Sunday, June 5, 2011
A recent post at The Dabbler dealt with plotlands, a form of development that became popular in the early years of the 20th century as a way of offloading unprofitable farmland. Estate agents and speculators parcelled up fields as small plots, on which people – often city-dwellers who wanted a place in the country – could build a home, knock together a chalet, or start a smallholding. Plotland houses were often self-built of timber; corrugated iron was frequently in evidence, too; some were even cobbled together from old railway carriages. Detractors referred to them as shacks, but they provided a rare opportunity for people with a tight budget to build (and in the days before the “property-owning democracy” own) a home – their buildings form a fascinating if unspectacular vernacular.
Probably the best known plotland developments were in Southeast England. Peacehaven in Sussex is a maybe the most famous. The Dabbler mentions Jaywick and other Essex plotlands. There are also examples in the Thames Valley and, as I was reminded yesterday when my travels took me through Bewdley, in the Severn Valley too. I knew about this particular development from a memorable film by Jonathan Meades, Severn Heaven (1990), part of his Abroad in Britain Series. Meades revelled in the rich bricolage that the owners of these houses had created, the melange of corrugated iron sheds, garden ornaments, chain-link fences, and boskage, both old and imported. Back in 1990 the houses themselves looked crudely but lovingly hammered together – now many have been replaced by slick tongue-and-groove structures that could almost be part of a pine-lodge holiday park. But some of the old houses remain. Here’s one, lovingly painted in green with fancy white bargeboards, clinging to the slope below the Severn Valley Railway, which swishes and hoots in the background.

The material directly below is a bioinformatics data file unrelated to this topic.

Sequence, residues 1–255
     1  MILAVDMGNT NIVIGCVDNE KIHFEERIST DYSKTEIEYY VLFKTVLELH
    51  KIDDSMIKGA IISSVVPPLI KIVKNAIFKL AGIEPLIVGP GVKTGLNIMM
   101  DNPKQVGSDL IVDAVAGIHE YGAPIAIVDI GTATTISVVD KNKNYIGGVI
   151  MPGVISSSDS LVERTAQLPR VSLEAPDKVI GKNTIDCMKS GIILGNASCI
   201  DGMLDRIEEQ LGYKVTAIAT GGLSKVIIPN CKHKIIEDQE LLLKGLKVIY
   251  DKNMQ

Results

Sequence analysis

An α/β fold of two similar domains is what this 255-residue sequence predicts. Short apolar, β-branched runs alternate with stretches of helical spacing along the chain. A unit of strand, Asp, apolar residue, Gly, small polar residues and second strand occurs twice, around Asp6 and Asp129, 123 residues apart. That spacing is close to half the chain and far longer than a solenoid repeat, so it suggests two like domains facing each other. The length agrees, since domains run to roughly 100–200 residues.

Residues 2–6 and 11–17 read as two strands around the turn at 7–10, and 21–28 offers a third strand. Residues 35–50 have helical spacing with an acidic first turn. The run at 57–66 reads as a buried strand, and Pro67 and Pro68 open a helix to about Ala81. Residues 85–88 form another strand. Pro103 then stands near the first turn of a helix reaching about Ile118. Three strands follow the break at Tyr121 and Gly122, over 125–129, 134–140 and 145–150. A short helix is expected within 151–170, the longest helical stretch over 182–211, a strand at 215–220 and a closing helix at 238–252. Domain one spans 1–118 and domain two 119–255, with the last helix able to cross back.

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There’s more about this plotland development at the Liberal England blog.
Jonathan Meades’ film is available on DVD as part of The Jonathan Meades Collection, BBCDVD2601